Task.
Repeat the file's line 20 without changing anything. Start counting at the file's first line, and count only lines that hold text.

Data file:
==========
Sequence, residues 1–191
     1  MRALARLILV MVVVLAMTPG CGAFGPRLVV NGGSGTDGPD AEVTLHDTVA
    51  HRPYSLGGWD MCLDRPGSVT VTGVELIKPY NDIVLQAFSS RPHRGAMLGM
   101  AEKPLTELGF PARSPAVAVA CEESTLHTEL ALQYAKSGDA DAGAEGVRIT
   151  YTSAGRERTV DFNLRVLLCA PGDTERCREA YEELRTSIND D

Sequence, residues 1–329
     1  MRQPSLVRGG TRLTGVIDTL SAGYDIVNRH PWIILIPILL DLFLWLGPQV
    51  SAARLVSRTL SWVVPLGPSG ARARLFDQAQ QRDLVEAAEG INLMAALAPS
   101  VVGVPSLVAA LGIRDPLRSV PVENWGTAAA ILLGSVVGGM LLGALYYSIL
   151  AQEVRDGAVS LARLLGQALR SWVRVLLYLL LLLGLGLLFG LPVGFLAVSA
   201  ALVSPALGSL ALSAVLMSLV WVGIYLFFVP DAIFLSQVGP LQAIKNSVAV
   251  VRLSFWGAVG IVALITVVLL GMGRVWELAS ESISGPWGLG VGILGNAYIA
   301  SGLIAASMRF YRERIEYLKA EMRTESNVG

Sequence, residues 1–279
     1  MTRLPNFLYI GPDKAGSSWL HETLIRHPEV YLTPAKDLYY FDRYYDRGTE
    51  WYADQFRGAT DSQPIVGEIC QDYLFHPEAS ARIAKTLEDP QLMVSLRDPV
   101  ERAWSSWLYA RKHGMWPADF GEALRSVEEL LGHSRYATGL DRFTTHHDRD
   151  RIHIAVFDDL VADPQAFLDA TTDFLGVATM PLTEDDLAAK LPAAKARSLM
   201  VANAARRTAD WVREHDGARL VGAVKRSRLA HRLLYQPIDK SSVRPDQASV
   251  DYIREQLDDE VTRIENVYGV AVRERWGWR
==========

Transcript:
   251  DYIREQLDDE VTRIENVYGV AVRERWGWR